As the examples in the article (which you read) illustrate, my research has found students in the first grade who have participated as co-creators of classroom curricula with teachers. I named examples from 1st through 12th grades in the article, and linked to dozens of other examples from across all grade levels. The fact is that students of all ages and capabilities are being engaged as partners with adults in improving schools increasingly throughout schools. Brain research routinely demonstrates that even the youngest of students have the capacity to participate in critical deconstruction of the learning activities, teaching styles, and curriculum content they’re taught. That shows that its really not a case of whether students are ready to be engaged in fixing schools; instead, its whether adults are actually capable of engaging them in doing so.

Am I Calling for Student Independence?

Engaging students as partners is by no means solely a call for independent learning, as that is antithetical to the goals of education in a democratic society. Instead, its a call for co-learning, co-teaching, and co-leadership for all students in all buildings all of the time. This is an important distinguishing factor that I tried to illustrate in the examples throughout the article. The case I make for teachers is separate from what I made in this article. Instead, this was written for a general audience made of the public. For a more education-oriented article, you can read a piece I published in ASCD’s Educational Leadership magazine <;.

By working with students as partners, adults can continue their roles as teachers and leaders throughout education. Your responses seem like you’re trying to dichotomize the roles of adults and students in schools by painting them as having polar opposite roles. (Note that I never called for students to have more “freedom”, as I think there’s a tyranny to such a notion.) Maybe instead of that, you can envision students and teachers walking next to each other as allies. In many circumstances that embody Meaningful Student Involvement today, students and adults hold each other mutually accountable for the outcomes of their actions. If any party involved doesn’t like what’s occurring, everyone involved is able to address that and working together, take action to create change. Students and adults work together to “set the standards, the criteria, the evaluation of education… set and enforce rules…”, etc. And those aren’t hypothetical situations; they’re happening right now, and have been for more than 30 years. Luckily though, they’re increasing in frequency, and as an advocate, I’m merely calling for them to increase more.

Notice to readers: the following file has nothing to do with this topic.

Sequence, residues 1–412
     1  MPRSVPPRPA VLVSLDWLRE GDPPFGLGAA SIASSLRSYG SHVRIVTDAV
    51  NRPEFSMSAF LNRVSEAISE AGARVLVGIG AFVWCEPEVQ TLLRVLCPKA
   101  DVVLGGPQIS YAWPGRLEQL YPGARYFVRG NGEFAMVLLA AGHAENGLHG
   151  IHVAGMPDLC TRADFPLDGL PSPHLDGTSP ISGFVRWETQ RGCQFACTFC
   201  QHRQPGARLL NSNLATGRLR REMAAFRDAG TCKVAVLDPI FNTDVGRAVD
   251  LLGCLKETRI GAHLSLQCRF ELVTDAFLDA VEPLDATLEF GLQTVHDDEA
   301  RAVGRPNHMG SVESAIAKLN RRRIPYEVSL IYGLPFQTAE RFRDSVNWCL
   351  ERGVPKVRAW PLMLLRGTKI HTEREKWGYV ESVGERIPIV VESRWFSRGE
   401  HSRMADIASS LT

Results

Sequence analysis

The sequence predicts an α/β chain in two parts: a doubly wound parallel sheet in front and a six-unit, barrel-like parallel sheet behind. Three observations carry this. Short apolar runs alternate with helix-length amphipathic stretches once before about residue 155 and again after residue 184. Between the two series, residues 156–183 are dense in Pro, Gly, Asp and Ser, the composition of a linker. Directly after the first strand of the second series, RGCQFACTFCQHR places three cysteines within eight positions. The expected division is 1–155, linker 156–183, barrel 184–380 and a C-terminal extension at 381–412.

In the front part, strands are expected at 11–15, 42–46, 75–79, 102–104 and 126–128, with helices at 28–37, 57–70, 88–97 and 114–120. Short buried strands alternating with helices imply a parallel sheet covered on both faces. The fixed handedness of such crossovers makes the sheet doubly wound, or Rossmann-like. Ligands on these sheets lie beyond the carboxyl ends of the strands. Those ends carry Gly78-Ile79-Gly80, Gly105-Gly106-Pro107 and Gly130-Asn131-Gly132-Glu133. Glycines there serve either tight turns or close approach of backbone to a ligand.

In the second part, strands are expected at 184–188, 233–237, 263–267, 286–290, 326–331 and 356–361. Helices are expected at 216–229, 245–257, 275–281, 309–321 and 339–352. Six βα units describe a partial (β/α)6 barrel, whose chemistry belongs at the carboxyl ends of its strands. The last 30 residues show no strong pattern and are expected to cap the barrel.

A lot of adults are threatened by Meaningful Student Involvement with a kind of gut reaction. I talked about this once in an interview with Scholastic Administrator magazine. Rather than having those responses, maybe it would be worth studying the idea more closely and truly considering the proposition beyond a short article. My short book is called Meaningful Student Involvement: Students as Partners in School Change.

Published by Adam F.C. Fletcher

I'm a speaker and writer who researches, writes and shares about youth, education, and history. Learn more about me at